EU leaders gather for summit, Trump and Putin arrange a date, and China adds to emerging-market turmoil. Here are some of the things people in markets are talking about today.
European Union leaders gather in Brussels for a two-day meeting as the bloc faces a range of challenges from immigration to trans-Atlantic tensions to Brexit. With German Chancellor Angela Merkel beset by growing domestic political pressure to forge EU agreement over border controls, that item is likely to dominate the agenda, putting Brexit negotiations on something of a backburner. British Prime Minister Theresa May is likely to hear more warnings from her European colleagues over the trickle of details on how the nation will exit the bloc, with only nine months left.
The time and location of the summit between President Donald Trump and Russia leader Vladimir Putin is due to be announced later today. U.S. National Security Adviser John Bolton played down expectations for concrete outcomes from the meeting at a press conference in Moscow. Vice President Mike Pence said he expects the leaders to discuss Russian meddling in U.S. elections, with Ukraine and Syria also likely to be on the agenda.
Emerging-market currencies’ bad run continues, with India’s rupee falling to an all-time low against the dollar this morning. The latest setback for the asset class has upended China’s yuan, which has long enjoyed haven status among developing nations. The currency is now at its lowest level since November. MSCI’s index of EM foreign exchange is heading for its worst month since August 2015.
Overnight, the MSCI Asia Pacific Index fell 0.4 percent, while Japan’s Topix index closed 0.3 percent lower after weak domestic data added to continuing trade concerns. In Europe, the Stoxx 600 Index was 0.4 percent lower at 5:50 a.m. Eastern Time as, again, weak domestic data added to trade concerns. S&P 500 futures pointed to a gain at the open, the 10-year Treasury yield traded flat, at 2.831 percent.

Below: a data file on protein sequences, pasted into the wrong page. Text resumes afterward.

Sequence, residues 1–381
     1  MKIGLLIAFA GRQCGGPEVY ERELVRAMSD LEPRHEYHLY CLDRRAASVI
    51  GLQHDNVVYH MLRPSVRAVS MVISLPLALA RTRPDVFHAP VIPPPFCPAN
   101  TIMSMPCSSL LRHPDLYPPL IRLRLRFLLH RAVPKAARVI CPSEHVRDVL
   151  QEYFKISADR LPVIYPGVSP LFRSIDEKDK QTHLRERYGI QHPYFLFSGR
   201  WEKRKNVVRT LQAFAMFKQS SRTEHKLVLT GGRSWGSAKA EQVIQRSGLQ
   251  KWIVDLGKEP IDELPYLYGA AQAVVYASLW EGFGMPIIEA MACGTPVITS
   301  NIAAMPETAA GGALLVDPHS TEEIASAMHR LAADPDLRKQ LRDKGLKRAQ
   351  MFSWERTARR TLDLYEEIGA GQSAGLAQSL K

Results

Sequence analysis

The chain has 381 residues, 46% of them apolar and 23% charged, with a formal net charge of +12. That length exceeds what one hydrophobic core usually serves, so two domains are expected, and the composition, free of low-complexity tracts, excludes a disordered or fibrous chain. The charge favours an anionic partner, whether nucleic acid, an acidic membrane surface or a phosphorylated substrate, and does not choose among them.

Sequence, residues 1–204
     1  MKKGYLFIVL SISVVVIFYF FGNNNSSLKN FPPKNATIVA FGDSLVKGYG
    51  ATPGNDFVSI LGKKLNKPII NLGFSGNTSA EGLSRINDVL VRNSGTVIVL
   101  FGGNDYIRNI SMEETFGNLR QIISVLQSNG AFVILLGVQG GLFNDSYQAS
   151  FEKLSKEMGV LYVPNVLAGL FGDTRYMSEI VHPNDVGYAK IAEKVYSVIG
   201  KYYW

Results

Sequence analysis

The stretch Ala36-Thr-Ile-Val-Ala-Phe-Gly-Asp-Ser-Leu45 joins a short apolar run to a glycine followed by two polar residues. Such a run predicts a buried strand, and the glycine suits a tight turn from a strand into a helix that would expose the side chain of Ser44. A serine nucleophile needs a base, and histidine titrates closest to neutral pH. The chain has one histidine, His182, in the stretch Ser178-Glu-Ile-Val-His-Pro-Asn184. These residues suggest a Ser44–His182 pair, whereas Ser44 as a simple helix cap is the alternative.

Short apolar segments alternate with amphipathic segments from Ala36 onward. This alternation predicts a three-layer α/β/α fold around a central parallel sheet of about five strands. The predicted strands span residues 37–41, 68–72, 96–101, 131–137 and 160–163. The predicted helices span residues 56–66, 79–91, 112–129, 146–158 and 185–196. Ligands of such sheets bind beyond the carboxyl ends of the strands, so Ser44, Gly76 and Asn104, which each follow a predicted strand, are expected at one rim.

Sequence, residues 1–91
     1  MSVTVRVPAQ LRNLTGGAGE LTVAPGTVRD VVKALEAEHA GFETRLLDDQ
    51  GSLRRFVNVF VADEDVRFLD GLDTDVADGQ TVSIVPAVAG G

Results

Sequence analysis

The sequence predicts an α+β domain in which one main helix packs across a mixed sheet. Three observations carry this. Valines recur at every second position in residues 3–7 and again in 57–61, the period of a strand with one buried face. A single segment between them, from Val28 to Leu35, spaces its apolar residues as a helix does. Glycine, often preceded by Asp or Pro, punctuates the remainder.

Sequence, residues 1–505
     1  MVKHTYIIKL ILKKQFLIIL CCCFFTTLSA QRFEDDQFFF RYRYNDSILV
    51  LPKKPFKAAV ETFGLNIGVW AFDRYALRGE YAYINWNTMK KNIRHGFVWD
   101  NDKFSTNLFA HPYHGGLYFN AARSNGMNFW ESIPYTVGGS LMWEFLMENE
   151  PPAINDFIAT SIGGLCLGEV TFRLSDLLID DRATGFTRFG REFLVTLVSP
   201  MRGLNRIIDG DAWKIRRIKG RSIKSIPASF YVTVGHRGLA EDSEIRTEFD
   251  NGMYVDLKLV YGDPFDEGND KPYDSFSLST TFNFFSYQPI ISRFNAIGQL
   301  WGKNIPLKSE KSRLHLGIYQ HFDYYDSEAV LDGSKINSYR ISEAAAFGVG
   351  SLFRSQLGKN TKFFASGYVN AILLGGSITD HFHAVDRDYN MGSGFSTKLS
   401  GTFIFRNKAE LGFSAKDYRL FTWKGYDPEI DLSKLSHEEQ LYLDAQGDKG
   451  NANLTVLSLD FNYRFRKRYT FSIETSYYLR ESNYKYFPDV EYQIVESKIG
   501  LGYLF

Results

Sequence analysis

At 4:30 p.m. today, the Federal Reserve will posts results from the second and final stage of its 2018 stress test. With U.S. banks coming off their longest losing streak on record, investors will be keeping a close eye on how much the major institutions will be able to pay out in dividends. In the case of Deutsche Bank AG, they will just be hoping that it can pass all parts of the test. In other economic news, today at 8:30 a.m. sees the release of weekly jobless claims and the third reading of first-quarter GDP for the U.S.
What we've been reading
This is what's caught our eye over the last 24 hours.
- Our guide to what the world’s central banks will do next.
- Kennedy’s retirement puts abortion ruling in striking distance for conservatives.
- Powell wants real economy to guide the Fed.
- Where 3 million electric vehicle batteries will go when they die.
- Apple gets second supplier for OLED iPhone screens.
- The consultants are eating Madison Avenue’s lunch.
- Grease in space.
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